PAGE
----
In a recent case in a Maryland based federal court, Ripoff Report’s corporate parent – Xcentric Ventures – tried to avoid having to defend a case in Maryland, arguing the Maryland court lacked jurisdiction over it. Xcentric is an Arizona based company. It apparently was not keen on travelling across the country to participate in the lawsuit.
The case arose when Ripoff Report ran a post from a disgruntled user of Large Art Company. The user complained that Large Art sold a piece of art it claimed was manufactured in the USA. But when the customer got it, there was a “Made in Mexico” sticker on the bottom. Richard Rist, the owner of Large Art contacted Ripoff about responding. Ripoff offered its fee-based arbitration service, but Rist instead opted for the no cost option of posting his own rebuttal. To do so, Rist had to check a box agreeing Arizona would have exclusive jurisdiction “over any disputes between [Rist] and the operators of Ripoff Report arising out of this posting.”
Rist posted his rebuttal, but when another critical review got posted on Ripoff, Rist filed a defamation suit in Maryland federal court.
Ripoff argued that Rist’s agreement to the exclusive jurisdiction provision denied the Maryland court of jurisdiction. It argued that “exclusive” meant only an Arizona court could hear the case. But the court disagreed, noting the exclusive jurisdiction provision applied only to cases “arising out of this posting.” The court held the only reasonable interpretation of “this posting” was Rist’s rebuttal, not the postings that criticized Large Art. And it was those postings – not Rist’s rebuttal – that were the basis of the defamation suit.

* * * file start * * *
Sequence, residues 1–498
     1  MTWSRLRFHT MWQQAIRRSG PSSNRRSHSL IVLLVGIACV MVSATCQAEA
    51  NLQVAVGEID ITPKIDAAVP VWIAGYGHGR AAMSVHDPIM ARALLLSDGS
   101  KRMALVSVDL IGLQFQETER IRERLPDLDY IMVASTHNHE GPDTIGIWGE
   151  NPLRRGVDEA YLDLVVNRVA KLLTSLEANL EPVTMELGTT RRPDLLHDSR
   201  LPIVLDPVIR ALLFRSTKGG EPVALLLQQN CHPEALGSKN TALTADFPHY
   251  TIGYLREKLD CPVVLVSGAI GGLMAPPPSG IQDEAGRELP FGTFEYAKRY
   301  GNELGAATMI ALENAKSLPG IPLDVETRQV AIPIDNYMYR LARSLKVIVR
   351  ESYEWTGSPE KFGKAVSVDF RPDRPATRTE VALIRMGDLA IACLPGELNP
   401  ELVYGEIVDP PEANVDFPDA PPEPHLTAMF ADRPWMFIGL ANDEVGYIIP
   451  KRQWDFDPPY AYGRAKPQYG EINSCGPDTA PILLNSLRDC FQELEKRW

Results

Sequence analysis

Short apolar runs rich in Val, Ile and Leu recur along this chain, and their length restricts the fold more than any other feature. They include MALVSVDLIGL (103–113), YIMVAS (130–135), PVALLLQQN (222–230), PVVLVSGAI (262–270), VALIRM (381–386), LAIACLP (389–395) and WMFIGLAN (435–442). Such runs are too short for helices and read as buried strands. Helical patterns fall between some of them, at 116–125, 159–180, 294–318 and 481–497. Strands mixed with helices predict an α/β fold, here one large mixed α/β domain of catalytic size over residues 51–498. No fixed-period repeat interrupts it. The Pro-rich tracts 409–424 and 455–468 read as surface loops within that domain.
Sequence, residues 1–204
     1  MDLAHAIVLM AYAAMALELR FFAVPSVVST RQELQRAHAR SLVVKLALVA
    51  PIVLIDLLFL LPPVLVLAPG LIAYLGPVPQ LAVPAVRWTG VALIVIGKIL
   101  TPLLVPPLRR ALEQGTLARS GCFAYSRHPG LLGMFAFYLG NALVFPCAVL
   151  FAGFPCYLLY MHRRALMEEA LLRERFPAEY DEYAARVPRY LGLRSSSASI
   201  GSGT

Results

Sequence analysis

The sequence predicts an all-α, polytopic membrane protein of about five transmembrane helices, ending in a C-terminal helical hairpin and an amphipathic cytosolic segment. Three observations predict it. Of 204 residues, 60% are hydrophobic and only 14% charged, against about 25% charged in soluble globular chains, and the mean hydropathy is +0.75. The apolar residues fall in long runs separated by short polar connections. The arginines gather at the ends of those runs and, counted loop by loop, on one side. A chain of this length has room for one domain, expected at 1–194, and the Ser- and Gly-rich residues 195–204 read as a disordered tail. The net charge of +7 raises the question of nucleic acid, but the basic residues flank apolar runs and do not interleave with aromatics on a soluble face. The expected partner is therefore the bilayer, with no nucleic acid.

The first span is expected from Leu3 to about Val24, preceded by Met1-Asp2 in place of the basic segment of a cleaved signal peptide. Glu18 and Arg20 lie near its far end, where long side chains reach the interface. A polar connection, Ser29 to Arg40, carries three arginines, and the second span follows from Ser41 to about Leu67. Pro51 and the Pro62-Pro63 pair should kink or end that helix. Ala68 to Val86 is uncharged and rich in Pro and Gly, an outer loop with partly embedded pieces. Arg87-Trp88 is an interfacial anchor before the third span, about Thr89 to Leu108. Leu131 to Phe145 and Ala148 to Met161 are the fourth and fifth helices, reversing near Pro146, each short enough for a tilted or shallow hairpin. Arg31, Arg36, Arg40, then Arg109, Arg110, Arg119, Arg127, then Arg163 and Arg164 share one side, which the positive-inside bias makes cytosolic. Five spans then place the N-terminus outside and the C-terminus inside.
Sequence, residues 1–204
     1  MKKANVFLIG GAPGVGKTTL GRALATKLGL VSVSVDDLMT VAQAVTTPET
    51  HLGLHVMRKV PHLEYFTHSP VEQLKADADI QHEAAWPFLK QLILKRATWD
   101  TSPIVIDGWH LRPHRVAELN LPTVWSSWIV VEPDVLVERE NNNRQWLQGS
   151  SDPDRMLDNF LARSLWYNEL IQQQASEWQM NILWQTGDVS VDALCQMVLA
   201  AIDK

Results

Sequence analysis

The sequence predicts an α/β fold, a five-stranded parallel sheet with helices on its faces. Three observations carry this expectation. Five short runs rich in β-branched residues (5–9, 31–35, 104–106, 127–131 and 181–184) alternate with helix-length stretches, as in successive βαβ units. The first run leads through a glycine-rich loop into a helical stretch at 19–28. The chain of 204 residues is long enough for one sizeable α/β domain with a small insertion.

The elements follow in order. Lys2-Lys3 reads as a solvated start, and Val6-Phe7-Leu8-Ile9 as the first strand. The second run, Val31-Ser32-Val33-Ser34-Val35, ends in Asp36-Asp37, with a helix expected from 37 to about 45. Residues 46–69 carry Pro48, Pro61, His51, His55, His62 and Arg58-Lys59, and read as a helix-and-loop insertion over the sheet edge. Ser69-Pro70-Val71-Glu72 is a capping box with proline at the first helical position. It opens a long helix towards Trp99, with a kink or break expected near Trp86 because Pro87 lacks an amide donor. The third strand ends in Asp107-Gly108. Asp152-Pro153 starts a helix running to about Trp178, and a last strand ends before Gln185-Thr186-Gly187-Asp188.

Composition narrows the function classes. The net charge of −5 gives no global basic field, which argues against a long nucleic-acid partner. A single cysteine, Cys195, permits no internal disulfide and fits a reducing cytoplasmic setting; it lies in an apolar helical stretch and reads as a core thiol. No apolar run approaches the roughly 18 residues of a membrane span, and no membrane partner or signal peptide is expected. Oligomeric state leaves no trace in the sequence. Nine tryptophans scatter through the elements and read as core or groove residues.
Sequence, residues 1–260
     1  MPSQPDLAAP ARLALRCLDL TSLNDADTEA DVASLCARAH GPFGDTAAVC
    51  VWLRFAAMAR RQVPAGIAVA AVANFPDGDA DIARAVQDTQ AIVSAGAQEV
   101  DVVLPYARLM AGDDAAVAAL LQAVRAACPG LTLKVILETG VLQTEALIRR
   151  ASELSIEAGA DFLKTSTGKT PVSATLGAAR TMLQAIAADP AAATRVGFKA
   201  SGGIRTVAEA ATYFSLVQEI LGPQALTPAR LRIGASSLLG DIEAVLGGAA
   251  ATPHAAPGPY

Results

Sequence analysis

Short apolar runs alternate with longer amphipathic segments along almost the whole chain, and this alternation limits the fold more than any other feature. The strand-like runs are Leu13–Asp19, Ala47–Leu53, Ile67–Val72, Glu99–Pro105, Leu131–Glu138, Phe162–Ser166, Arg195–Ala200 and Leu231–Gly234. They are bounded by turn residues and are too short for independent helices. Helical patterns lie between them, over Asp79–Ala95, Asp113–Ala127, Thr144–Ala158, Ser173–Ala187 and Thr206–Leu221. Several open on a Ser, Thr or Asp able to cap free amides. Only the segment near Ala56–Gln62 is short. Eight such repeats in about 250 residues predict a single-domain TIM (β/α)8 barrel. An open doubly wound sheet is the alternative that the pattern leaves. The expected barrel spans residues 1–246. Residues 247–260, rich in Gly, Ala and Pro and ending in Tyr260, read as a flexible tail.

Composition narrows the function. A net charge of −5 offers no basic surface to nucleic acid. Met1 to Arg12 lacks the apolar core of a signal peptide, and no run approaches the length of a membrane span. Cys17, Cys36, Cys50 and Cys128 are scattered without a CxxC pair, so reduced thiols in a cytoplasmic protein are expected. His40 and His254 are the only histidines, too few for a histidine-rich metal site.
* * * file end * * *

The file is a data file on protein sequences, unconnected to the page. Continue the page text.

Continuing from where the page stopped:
Ripoff also argued that apart from the jurisdiction provision, it had no “minimum contacts” with Maryland to support jurisdiction there. Minimum contacts means pretty much what it says – a company that does not actively do business in a state can’t be sued there. In the online world, courts generally recognize that the mere fact that a Web site can be viewed from anywhere doesn’t mean that the site operator is subject to a lawsuit anywhere in the world. The site has to be more interactive and in some way target its activities to what courts call the “forum state.”
Rist argued that Ripoff was not exactly passive. It contended that Ripoff required users to select from categories such as “Liars” and “Con Artists.” He also argued that Ripoff created meta tags and surrounded posts with commentary like, “Don't let them get away with it … let the truth be known!” Rist contended, finally, that Ripoff offered targets of gripe site posts the opportunity to participate in its fee-based arbitration service.
The court found if Rist could prove those allegations, he could establish jurisdiction. Accordingly, the court denied Xcentric’s motion to dismiss.
There is no indication if Xcentric posted a piece on Ripoff report complaining about this ruling.